Taking a risk to share rewards

Royalty or equity deals are good ways to benefit from a client’s success, but first you must do your homework and get advice from professionals

I am sure I am not alone, as a (graphic) designer, in envying the royalties received by other creative artists, such as musicians. When we finish a job, in effect we hand over copyright to our clients, so, sadly, every time I see the GlaxoSmithKline logo, cash registers don’t ring.

The challenge, then, is how can we change this situation?

When I started L&Co four years ago, with little in the way of income, the notion of royalties nagged me. Initially we were working with small clients on small projects and the impact our designers had was so immediate and clear-cut that surely there was a way we could tap in financially to our clients’ success.

As with all areas of business, the greater the reward, the greater the risk, and I realised that to share the success of any of our projects would involve risk. However, working out payment structures more complex than a flat fee is difficult, and inappropriate for most clients’ budgets. But when a company is starting out, and cash flow, not to mention cash, are in short supply, the idea of ‘buy now, pay (a little more) later’ can be an attractive proposition for both parties.

After reaching this conclusion, we were asked to work on our first start-up, a TV production company. Although we consented to a relatively standard fee structure, a bonus – based on a set of criteria – was agreed. We didn’t get any legal or financial advice on how to structure the deal, and the result was an ambiguous tangle involving lots of grey areas and not much black and white.

After this salutary experience, I decided to talk to others who had been involved in working with start-up companies, both on the inside and as external investors. The conclusion was simple: do your homework. As with any potential new project, it is easy to become carried away with the possibilities, and to let the enthusiasm of entrepreneurial types cloud your judgement. To guard against this, we came up with a list of questions by which to judge future opportunities. Do we believe in the new product? What is the track record of those involved? Is this an interesting project? Can we afford the financial risk?

If the answer to all of these questions is ‘yes’, the next step is to do some homework: read the business plan (if you don’t understand the business, then talk to someone who does); talk to your accountant and lawyer, as they always provide a note of caution; write a formal letter or contract setting out how you propose to structure your fee payment; think about discounting the initial fee with success bonuses; and consider asking for royalties or equity.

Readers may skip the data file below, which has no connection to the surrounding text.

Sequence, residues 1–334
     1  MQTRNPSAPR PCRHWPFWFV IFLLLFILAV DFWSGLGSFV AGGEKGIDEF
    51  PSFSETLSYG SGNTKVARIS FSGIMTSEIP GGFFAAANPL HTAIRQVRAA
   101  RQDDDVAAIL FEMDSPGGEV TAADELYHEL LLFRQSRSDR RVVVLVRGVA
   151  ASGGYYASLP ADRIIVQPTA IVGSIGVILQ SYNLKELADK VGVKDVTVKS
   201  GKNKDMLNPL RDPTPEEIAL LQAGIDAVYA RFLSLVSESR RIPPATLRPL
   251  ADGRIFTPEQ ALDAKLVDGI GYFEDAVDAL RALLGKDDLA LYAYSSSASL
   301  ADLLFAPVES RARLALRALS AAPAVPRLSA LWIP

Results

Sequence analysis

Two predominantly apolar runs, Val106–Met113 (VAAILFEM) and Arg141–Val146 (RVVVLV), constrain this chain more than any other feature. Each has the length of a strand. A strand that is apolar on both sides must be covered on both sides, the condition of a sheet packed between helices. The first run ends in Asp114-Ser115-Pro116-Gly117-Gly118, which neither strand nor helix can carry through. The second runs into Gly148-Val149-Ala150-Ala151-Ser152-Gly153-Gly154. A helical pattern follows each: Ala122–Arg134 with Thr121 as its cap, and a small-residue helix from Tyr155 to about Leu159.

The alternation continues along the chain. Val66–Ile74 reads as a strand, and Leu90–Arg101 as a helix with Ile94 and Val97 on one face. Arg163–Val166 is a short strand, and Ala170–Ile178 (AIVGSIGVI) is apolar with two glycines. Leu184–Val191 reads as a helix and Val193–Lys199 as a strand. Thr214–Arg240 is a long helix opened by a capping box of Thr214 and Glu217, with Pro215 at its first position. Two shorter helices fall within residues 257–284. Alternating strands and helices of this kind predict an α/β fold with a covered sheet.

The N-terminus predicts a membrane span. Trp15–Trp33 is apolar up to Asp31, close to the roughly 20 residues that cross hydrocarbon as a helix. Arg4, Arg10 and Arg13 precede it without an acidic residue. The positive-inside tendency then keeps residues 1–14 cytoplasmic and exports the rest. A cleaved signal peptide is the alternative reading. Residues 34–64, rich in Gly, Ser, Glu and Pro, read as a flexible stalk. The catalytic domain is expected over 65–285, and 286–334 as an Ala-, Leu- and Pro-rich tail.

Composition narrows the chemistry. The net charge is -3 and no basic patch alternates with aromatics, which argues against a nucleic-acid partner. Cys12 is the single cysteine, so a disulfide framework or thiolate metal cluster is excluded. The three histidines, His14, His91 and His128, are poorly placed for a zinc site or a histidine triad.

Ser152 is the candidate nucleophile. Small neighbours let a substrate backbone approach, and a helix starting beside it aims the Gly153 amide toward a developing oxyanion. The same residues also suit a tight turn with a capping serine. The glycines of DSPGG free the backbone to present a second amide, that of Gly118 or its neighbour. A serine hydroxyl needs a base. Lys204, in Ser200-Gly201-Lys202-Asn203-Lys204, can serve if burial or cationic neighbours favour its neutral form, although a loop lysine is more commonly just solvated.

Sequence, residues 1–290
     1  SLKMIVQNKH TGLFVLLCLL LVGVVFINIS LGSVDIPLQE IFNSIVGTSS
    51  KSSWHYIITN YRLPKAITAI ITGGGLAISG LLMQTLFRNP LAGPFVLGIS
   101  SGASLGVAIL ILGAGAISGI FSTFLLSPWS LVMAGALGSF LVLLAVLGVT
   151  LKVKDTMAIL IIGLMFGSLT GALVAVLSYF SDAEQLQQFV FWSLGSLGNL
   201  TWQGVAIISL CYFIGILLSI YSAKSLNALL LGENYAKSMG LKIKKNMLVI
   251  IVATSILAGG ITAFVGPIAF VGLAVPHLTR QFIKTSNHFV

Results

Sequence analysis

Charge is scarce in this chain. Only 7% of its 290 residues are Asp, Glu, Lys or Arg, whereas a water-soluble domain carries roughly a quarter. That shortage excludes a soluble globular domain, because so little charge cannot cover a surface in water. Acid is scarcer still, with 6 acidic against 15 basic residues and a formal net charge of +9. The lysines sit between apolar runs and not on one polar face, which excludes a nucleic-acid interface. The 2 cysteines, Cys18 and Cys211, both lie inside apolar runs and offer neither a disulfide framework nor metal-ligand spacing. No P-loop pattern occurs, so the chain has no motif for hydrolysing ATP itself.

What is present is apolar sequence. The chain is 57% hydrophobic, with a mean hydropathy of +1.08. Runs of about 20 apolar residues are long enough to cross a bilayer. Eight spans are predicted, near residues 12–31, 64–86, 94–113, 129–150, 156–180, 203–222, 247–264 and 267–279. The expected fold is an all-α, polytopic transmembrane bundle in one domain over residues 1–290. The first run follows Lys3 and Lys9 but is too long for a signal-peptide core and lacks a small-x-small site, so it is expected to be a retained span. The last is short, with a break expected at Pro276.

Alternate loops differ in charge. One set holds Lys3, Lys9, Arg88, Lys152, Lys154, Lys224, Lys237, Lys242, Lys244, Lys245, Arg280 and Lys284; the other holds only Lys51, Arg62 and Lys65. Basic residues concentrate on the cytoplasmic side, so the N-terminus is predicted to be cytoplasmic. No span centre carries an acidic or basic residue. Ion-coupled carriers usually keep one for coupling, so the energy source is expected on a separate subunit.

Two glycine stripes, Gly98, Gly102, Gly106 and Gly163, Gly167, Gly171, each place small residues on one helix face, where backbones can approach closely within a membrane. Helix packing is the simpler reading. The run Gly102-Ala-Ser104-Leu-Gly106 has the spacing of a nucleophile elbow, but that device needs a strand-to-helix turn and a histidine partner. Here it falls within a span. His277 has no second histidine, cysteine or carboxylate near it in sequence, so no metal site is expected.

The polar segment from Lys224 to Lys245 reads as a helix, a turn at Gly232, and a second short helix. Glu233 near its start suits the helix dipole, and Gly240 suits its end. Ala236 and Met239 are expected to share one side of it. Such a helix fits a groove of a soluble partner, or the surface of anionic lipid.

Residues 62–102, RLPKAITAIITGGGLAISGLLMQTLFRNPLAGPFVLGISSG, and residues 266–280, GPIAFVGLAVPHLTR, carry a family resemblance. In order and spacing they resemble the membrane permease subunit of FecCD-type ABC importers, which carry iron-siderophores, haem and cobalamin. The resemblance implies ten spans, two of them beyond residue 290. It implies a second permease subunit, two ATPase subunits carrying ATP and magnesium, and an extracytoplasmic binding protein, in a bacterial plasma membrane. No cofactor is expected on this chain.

If these criteria are met, you can confidently work with a new business idea.

With one client, LateRooms – not quite a start-up, but a young pup with six seemingly successful years of trading and a potential sale in mind – we considered these options ourselves. However, despite talk of a discounted fee and a success bonus, the criteria just looked too ambitious, and so we opted for a flat fee. Within 12 months of launching the new identity and website, LateRooms saw a 48 per cent uplift in its bookings and then sold to First Choice Holidays for more than £100m. Despite this, we decided not to reassess the criteria, because at the time it seemed too much of a risk for us (and our cash flow), and the flat fee still enabled us to do well enough.

Our latest project is for a start-up cosmeseutical (better than it sounds) company called Lumos Products. Here, we have agreed a delayed bonus fee, and effectively a royalty on units sold, because as a physical product this is relatively easy to work out. Who knows if it will work, but fundamentally we’re doing it because we think it’s an interesting project, and it gives us the opportunity to work slightly outside of our comfort zone. On this occasion we can afford to take a risk, we are confident we will enjoy the ride and maybe, just maybe, we’ll make a fortune in the process.

Paul Barlow is founder and creative director of L&Co


Assess business opportunities using these questions:
• Do you really believe in the product or service?
• What is the track record of the people involved?
• Is this an interesting project?
• Can you afford to take the financial risk?

If the answer to all of these questions is positive:
Read the business plan, talk to your accountant or lawyer, and write a formal contract setting out how you propose to structure your fee payment, with these options:
• a discount on the initial fee with a success bonus (make sure your criteria for releasing the success bonus is clearly defined)
• a simple royalties deal, based on products sold
• taking equity, which is more complex legally, but the rewards are likely to be more long-term

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